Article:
Do you know that 53.2% of non-pregnant women and 50.4% of pregnant women in India are anemic according to a 2016 survey conducted by the NFHS. India carries the highest burden of the disease even after having an anemia control program for 50 years!
According to WHO Anemia is estimated to cause 20% of maternal deaths.
A child born due to an Iron deficient mother can have impaired growth and cognitive development and poor immunity.
Iron is needed for growth and development. It is required to make 2 components in your blood called Hemoglobin and Myoglobin. These two components that carry and deliver oxygen from your lungs to different parts of the body. They make sure every part of your body gets oxygen.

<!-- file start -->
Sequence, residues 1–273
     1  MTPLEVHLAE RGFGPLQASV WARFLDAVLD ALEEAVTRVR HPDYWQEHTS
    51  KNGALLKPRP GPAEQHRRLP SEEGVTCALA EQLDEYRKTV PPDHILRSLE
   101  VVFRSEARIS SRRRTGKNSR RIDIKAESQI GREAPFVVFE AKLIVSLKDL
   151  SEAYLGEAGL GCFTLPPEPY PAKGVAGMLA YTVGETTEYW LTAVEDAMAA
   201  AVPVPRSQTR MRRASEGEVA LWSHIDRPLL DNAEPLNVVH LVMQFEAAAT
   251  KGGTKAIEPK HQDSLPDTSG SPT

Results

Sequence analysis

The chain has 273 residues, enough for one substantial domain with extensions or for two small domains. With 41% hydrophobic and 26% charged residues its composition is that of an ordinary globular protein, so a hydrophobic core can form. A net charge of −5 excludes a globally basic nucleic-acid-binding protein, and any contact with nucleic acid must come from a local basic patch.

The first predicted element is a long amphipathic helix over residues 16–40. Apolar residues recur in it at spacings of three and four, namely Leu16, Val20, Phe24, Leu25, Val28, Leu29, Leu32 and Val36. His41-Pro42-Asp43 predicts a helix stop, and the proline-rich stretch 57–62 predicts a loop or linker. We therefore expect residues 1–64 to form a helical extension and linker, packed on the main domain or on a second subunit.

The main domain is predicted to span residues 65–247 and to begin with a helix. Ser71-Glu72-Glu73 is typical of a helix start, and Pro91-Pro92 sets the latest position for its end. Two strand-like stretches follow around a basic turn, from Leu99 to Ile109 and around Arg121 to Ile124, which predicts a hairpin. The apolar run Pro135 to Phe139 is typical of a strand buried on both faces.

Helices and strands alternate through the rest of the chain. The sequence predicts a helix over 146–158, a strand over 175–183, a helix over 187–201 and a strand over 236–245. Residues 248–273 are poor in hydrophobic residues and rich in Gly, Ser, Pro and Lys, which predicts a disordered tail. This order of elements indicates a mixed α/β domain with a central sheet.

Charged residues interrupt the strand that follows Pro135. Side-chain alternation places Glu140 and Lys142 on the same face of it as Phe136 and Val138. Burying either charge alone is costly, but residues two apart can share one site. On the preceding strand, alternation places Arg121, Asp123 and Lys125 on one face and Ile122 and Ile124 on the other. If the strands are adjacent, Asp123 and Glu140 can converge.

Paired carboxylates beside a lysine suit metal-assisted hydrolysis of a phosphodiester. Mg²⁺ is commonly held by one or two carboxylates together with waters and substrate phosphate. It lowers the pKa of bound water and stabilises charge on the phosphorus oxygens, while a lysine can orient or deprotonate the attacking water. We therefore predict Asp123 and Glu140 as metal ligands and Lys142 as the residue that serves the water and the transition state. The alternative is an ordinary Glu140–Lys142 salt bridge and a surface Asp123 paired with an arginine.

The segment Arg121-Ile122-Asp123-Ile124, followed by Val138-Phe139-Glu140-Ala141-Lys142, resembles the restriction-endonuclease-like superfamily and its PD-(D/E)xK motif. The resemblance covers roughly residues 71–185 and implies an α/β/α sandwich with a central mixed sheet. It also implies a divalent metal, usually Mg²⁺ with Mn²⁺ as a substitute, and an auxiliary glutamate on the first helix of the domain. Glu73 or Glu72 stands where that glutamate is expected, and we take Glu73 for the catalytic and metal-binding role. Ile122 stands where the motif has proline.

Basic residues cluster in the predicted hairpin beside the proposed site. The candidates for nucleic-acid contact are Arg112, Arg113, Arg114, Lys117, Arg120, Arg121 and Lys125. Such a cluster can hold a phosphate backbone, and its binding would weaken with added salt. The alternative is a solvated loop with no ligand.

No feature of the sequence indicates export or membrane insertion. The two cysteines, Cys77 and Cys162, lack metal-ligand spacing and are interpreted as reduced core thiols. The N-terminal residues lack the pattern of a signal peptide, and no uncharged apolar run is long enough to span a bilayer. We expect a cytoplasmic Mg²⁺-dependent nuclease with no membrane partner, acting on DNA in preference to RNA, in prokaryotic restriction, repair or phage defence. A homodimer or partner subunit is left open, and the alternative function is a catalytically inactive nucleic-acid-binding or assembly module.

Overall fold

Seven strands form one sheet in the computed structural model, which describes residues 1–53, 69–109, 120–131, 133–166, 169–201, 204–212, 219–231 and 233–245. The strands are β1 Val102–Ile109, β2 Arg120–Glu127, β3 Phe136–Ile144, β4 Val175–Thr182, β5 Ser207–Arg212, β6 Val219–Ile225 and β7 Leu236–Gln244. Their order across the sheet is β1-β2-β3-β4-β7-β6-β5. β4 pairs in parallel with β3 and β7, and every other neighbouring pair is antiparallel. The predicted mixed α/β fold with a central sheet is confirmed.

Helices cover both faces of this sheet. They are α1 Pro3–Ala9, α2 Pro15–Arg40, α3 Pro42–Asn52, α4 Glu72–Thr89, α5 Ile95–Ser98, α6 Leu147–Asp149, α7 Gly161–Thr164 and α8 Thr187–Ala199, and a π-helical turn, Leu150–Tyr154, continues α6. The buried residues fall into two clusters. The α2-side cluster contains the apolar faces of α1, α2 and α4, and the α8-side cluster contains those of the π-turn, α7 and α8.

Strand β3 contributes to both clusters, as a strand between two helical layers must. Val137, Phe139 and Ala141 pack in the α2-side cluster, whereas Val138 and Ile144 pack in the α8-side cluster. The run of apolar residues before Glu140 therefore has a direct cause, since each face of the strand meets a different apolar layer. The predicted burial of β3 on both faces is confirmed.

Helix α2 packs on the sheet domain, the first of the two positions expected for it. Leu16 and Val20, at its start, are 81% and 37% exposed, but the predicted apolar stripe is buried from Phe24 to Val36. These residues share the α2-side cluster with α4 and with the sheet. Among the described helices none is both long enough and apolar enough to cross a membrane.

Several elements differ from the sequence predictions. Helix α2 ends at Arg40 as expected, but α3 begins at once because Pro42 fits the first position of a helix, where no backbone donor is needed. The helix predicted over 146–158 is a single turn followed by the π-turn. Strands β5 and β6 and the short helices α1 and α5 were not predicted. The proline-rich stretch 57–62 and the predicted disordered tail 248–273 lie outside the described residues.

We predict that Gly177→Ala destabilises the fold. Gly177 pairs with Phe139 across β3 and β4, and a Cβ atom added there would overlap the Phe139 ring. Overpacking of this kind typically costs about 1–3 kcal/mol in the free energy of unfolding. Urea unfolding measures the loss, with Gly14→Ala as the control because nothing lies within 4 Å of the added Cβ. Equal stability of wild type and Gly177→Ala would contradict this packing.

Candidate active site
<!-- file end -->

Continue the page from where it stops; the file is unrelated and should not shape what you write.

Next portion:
It is needed for maintaining your DNA, for the brain to function properly and immunity.
Women who are sedentary, doing moderate and heavy work need 21 mg/day
Pregnant women - 35 mg/day
Lactating mothers (0-6 months and 6-12 months)- 21 mg/day
Post-menopausal women 8 mg/day
Iron is not manufactured in the body. It has to be provided through the food or supplemented.
The Iron present in vegetarian/ plant sources is called Heme Iron. It cannot be digested and absorbed by the body easily. But the Iron present in meats, fish and poultry contains Heme iron which can be easily taken up by the body.
But, you can combine your Iron rich plant foods like spinach, fortified grains and cereals, lentils with Vitamin C foods! Adding lime which is rich in Vitamin C to your spinach dish/ daal helps your body digest and absorb Iron in it easily.
Keep your tea and coffee intake to a minimum. Too much caffeine can also prevent the body from taking up iron.